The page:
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Georgia Supreme Court Weakens Expert Knowledge Rule

In Dubois v. Brantley, (Ga. Sup. Ct., July 13, 2015), the Georgia Supreme Court held that pursuant to O.C.G.A. § 702(C)(2)(a), an expert may testify concerning a procedure, generally, even if the doctor has not performed the specific procedure at issue.

The Supreme Court held that a surgeon who performed abdominal laparoscopic surgeries involving the insertion of a primary trocar, but did not perform the specific surgery at issue in the case, a hernia repair, could still testify. The Court held that the alleged negligence concerned the insertion of the primary trocar, and that there was no evidence that it was done any differently in a hernia surgery versus any other abdominal laparoscopic surgery.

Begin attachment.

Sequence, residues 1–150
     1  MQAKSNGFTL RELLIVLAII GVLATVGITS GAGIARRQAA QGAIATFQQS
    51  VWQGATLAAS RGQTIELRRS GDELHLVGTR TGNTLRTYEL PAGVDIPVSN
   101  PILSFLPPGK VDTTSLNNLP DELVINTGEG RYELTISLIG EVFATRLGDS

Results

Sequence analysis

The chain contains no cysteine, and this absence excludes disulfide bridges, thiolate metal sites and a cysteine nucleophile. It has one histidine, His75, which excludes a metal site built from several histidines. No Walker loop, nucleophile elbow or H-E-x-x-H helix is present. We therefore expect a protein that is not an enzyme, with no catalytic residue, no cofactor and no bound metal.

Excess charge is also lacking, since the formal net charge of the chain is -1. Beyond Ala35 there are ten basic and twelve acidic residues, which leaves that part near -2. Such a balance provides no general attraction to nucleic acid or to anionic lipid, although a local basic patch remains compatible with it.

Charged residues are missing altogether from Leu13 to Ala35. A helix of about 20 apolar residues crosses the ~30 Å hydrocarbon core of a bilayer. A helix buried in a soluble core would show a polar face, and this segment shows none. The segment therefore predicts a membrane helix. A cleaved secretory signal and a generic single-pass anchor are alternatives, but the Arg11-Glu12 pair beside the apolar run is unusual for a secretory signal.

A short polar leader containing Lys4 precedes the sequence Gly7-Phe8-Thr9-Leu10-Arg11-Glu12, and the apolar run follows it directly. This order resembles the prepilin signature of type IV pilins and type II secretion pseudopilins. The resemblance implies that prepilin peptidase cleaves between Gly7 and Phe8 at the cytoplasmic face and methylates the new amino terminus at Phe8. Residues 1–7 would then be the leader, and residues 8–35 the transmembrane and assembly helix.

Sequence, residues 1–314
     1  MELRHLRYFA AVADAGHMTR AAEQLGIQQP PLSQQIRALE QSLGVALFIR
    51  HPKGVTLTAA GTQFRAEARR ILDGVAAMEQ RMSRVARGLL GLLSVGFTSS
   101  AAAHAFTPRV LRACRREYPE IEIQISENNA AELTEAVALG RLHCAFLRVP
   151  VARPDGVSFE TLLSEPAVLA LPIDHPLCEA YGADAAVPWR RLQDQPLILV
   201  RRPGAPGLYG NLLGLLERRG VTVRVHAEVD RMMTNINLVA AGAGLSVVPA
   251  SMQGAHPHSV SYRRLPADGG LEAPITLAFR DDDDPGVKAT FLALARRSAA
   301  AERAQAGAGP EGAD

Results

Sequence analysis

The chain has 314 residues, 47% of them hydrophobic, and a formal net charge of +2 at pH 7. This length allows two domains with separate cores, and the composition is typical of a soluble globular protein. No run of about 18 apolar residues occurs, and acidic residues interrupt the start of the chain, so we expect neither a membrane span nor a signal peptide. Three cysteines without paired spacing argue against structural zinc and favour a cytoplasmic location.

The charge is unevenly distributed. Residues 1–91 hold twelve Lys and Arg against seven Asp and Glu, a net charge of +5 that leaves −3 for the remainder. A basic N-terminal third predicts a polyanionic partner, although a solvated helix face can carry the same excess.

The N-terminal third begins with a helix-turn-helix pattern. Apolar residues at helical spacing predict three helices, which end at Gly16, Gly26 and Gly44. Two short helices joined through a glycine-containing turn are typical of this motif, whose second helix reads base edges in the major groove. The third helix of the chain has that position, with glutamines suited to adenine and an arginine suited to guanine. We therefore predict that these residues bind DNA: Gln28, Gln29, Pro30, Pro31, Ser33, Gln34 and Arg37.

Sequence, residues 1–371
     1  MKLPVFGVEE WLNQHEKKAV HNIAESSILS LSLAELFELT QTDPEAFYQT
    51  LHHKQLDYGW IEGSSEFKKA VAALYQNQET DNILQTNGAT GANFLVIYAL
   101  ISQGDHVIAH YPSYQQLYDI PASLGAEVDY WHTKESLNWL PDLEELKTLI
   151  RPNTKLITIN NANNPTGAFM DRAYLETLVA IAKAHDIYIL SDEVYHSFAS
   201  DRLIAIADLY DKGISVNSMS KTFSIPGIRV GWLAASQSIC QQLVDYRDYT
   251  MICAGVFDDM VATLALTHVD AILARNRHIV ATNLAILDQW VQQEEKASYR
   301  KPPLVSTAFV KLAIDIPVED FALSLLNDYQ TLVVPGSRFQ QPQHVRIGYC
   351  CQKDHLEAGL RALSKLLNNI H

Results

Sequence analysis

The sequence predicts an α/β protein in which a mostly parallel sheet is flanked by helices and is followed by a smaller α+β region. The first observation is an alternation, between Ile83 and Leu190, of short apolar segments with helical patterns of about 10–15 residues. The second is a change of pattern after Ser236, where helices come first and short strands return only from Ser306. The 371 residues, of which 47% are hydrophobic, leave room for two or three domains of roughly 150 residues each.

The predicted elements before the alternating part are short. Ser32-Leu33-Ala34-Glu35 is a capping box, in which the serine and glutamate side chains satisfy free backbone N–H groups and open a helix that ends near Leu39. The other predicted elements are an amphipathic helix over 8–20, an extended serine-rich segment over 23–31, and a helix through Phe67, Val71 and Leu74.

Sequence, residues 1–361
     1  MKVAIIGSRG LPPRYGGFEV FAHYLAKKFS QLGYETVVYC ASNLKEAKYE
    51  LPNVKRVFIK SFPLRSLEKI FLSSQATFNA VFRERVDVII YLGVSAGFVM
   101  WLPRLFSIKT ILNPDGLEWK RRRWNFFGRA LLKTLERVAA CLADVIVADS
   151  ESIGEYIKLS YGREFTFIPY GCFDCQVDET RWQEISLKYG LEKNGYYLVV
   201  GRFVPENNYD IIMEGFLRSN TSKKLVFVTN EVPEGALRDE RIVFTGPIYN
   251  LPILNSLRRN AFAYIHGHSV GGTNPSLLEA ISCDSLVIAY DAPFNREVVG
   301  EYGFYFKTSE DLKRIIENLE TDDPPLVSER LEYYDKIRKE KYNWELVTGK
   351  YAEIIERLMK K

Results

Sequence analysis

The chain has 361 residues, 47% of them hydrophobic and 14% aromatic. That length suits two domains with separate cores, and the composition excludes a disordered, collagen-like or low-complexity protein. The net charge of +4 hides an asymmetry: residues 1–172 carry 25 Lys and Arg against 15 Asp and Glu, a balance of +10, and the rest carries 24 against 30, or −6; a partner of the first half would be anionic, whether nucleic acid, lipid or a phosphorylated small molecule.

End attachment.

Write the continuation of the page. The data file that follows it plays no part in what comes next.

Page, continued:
The opinion is not helpful, but does not prevent excluding experts who do not have the specific knowledge of the alleged negligence. The Court has simply held the word procedure is defined as broadly or as specifically as it relates to the specific alleged negligence in the case.

By: Richard Tisinger, Jr.

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